Intradivision trades between playoff contenders are of the rare sort. Nonetheless, with the New York Knicks rumored to have interest in trading for Philadelphia 76ers superstar center Joel Embiid, it's worth wondering what it would take for both sides to agree to a deal.

Embiid, the 2023 NBA MVP, is one of the league's premier players. However, he doesn't have the best track record with injuries and has yet to even make it to the NBA Finals at 29 years old.

That said, star teammate James Harden is rumored to have interest in leaving the Sixers on the heels of a second-round playoff loss to the Boston Celtics. Furthermore, the Sixers released longtime head coach Doc Rivers from his contract, leading to major questions about the future of the franchise. Including the possibility that Philadelphia considers an Embiid trade.

The Knicks aren't in a much better position. Despite a breakout season by point guard Jalen Brunson and strong performances from several players, including 2022-23 All-Star selection Julius Randle. However, Randle once again underperformed in the playoffs, leading to questions about his future with the franchise despite him clearly being a talented player.

So, what would the perfect trade between the Sixers and Knicks — one centered around Embiid — look like?

The perfect Joel Embiid trade Knicks must offer Sixers

A three-team trade between the New York Knicks, Philadelphia and Indiana Pacers could be the one that works best for all parties involved.

Knicks receive: Joel Embiid, Buddy Hield, and P.J. Tucker

Sixers receive: Julius Randle, Immanuel Quickley, Myles Turner, and Evan Fournier, one 2024 first-round pick and one 2025 first-round pick (via New York)

Pacers receive: Mitchell Robinson, Tobias Harris, two 2024 first-round picks (via New York)

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For the Knicks, moving on from Randle and Evan Fournier is almost inevitable, and if they add the 2023 NBA MVP as they do so it's a win for them. Furthermore, while they lose two valuable pieces in Quickley and Mitchell Robinson, the first thing to note is that Robinson loses a lot of value with Embiid at center.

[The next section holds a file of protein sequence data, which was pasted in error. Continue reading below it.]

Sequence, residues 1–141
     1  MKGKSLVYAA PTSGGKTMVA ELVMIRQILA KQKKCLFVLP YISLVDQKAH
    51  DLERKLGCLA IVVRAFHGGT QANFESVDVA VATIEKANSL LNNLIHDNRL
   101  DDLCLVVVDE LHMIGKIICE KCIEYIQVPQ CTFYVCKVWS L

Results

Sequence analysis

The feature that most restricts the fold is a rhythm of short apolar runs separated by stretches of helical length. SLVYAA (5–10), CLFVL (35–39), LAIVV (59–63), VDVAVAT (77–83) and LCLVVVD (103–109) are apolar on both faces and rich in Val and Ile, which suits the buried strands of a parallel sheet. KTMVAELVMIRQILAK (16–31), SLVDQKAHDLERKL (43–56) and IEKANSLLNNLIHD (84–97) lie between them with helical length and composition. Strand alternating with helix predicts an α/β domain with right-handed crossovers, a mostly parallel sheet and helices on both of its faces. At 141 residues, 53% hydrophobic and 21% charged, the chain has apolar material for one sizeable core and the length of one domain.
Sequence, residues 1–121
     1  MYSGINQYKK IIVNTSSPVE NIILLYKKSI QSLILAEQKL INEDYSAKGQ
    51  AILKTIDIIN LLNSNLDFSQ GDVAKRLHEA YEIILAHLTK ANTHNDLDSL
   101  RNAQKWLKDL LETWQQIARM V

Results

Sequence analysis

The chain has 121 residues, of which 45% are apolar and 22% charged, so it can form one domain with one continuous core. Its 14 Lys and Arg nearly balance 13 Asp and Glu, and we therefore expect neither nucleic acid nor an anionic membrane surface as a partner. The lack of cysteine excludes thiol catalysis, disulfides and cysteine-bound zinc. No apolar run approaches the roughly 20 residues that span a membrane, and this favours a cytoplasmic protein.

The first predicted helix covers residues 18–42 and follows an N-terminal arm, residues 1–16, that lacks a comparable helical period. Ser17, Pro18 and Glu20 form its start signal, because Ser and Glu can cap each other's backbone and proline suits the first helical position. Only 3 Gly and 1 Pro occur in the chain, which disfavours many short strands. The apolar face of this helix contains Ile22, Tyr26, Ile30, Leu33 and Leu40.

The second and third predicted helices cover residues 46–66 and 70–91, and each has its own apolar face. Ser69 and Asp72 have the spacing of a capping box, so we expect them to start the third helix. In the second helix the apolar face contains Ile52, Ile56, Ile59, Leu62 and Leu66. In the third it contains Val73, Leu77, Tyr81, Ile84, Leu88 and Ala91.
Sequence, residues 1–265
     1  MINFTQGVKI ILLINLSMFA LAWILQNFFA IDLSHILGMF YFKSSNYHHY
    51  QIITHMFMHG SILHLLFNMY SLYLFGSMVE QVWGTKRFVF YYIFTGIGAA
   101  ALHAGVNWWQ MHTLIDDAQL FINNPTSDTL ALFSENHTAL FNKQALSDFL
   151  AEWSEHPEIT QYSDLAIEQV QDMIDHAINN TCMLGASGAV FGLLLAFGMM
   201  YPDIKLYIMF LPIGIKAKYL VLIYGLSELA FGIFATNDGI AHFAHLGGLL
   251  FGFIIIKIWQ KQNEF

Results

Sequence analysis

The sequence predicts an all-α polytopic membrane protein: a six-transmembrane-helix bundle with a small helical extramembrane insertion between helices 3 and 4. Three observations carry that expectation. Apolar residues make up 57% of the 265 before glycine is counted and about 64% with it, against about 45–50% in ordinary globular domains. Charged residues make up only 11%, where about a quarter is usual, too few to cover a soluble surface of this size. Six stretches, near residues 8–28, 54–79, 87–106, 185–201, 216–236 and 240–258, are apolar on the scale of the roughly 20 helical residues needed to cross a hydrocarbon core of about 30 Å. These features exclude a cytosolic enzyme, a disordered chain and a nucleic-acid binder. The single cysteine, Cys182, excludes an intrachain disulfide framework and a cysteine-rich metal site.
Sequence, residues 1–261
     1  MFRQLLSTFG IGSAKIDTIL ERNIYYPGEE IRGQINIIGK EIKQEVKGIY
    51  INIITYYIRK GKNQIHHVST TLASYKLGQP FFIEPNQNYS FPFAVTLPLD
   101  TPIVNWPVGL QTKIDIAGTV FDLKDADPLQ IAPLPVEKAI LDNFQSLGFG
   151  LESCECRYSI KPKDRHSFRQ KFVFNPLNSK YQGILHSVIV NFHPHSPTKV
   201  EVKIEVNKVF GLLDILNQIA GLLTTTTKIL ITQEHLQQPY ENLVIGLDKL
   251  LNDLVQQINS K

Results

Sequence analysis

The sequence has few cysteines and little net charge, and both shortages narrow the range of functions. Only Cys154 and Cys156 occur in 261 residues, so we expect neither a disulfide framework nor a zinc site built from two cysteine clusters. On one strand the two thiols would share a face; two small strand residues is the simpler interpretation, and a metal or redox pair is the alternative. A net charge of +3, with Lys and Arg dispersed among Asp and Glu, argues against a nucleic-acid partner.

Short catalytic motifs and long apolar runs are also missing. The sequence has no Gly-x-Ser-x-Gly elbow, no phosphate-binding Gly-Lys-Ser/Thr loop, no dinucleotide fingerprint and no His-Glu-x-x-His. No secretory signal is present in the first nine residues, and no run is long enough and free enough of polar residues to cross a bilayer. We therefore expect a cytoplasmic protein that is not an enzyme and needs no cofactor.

Secondly, Buddy Hield enhances the Knicks' offense in a way that Immanuel Quickley doesn't, as his ability to bombard teams from beyond the arc gives them a better chance at keeping pace with — or taking down — teams in this era of basketball.

Adding the invaluable leadership, experience and defensive prowess of 2021 NBA champion P.J. Tucker will pay dividends as well.

For the Sixers, the ability to replace a pivot that was a perennial All-Star in Embiid with a multi-time All-Star in Randle and two-time block champion Myles Turner is ideal. Furthermore, while getting off of the massive $39.1 million contract of Tobias Harris, they manage to add a backcourt mate for Tyrese Maxey that can replace James Harden.

Quickley may not be the facilitator that Harden is, but he is younger, healthier and has plenty of scoring upside.

The Pacers enhance their defense by swapping out Hield for Tobias Harris though, while also addressing a long-standing position of need with a veteran that's averaged 17.7 points, 6.5 rebounds and 3.1 assists over the past four seasons while shooting 49.0 percent from the field and 37.8 percent from 3-point range.

As it stands today, Harris would be heads above former first-round pick Jalen Smith, who averaged 9.4 points per game and shot 23.8 percent from 3 in the 2022-23 regular season while entering the season as Indiana's starting power forward.

Robinson allows them to keep a shot-blocking specialist starting at center though, allowing the Pacers' perimeter pieces to play aggressively on the defensive end because of their confidence in Robinson's ability to clean up after them.

Not that they would be wrong, as Robinson has yet to average fewer than 1.5 blocks per game in the regular season or playoffs.

The pair of first-round picks that they receive from the Knicks simply takes into account the effect that losing Hield in particular might have on their offense.